IEDs more common in U.S. than most think

Improvised explosive devices are made cheaply and carried easily, making them popular with small terror groups.

FOREIGN POLICY MAGAZINEApril 19, 2013 

APTOPIX Boston Marathon Explosions

These images released by the FBI and taken from surveillance video show who the FBI are calling suspect number 2, left, in white cap, and suspect number 1, in black cap, as they walk near each other through the crowd before the explosions at the Boston Marathon.

AP

WASHINGTON - There have been 53 publicly known attempted terrorist attacks in the United States since 9/11, and of those, 43 have been categorized as homegrown plots, according to a government source.

Although there is little information publicly available indicating who was responsible for Monday's attack in Boston, the data show that most terrorist threats in the United States are domestic in origin.

Improvised explosive devices, so popular in places such as Iraq and Afghanistan, are often the weapon of choice, offering high impact with easily obtainable materials.

In the past six months alone, there have been 172 IED "incidents" in the U.S. - some 30 a month. Those range from actual explosions to the controlled detonation of devices that are found before they can go off.

Many are fireworks, pipe bombs, pranks, or other related activities, government sources say.

American IEDs often consist of a combination of homemade and commercially available explosives and can be triggered by cellphones. Monday's attack included an IED made out of a pressure cooker packed with explosives and shrapnel such as ball bearings and nails.

A pressure cooker bomb recipe was first shared with the general public in "The Anarchist Cookbook," published in 1971 during the Vietnam War.

"If this turns out to be a terrorist attack, it will be the fifth most violent attack in terms of casualties," said Bill Braniff, executive director of the National Consortium for the Study of Terrorism and Responses to Terrorism at the University of Maryland.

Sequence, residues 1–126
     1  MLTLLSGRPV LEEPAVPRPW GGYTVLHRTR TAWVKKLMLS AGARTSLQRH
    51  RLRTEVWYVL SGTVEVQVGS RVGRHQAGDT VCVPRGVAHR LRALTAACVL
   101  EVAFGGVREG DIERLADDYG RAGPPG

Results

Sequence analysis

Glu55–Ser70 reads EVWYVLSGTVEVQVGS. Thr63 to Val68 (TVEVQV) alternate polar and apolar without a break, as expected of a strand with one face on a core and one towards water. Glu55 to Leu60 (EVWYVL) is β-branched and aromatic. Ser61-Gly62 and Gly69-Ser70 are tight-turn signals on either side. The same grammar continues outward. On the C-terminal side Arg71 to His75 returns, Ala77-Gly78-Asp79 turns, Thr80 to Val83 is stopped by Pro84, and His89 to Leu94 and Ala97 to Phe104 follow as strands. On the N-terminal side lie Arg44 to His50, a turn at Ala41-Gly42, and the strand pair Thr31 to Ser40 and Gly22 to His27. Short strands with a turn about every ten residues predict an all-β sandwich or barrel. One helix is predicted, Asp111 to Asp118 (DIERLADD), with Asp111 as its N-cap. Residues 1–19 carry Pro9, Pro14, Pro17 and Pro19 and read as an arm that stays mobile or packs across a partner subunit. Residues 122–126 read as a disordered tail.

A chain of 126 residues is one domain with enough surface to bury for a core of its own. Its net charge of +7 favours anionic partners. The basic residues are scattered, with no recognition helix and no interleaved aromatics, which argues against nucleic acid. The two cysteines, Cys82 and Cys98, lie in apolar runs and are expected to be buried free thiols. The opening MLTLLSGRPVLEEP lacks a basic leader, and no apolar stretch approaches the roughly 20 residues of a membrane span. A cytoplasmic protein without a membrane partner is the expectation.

Despite what some people think, he said, the attack was reasonably sophisticated, with multiple explosive devices timed to go off nearly simultaneously.

"There is more investment the more of these explosives you generate," he said. "So there is a level of patience and planning."

Adam B. Hall, a former Massachusetts State Police crime lab employee and current forensic scientist at Boston University, said the explosions Monday at the marathon suggested to him that they were not caused by a "low explosive" such as black powder, which is a form of gunpowder. The large amount of white smoke and the sound the IEDs made point to more powerful "high explosives," he said, which would indicate a well-organized operation.

Government officials believe that enhanced vigilance in the United States since 2001 has made it more difficult for terrorist networks that are otherwise large and sophisticated enough to have global reach to strike the American homeland. That leaves smaller groups or individuals to carry out attacks, and for them, IEDs are about the only way to go.

Last October, for example, Mohammad Rezwanul Ahsan Nafis was arrested in a plot to bomb the Manhattan office of the Federal Reserve Bank - an operation inspired by the memory of Osama bin Laden, who had been killed a year and a half earlier in Pakistan.

In September 2012, the FBI arrested 18-year-old American Adel Daoud in a plot to detonate a car bomb outside a bar in Chicago.

The four worst U.S. terror attacks are 9/11; the World Trade Center bombing in 1993, which caused 1,048 casualties; the Oklahoma City bombing in 1993, with 818 casualties; and an incident in Oregon in 1984 in which 751 people were sickened by widespread salmonella poisoning at the hands of the Rajneeshis group.

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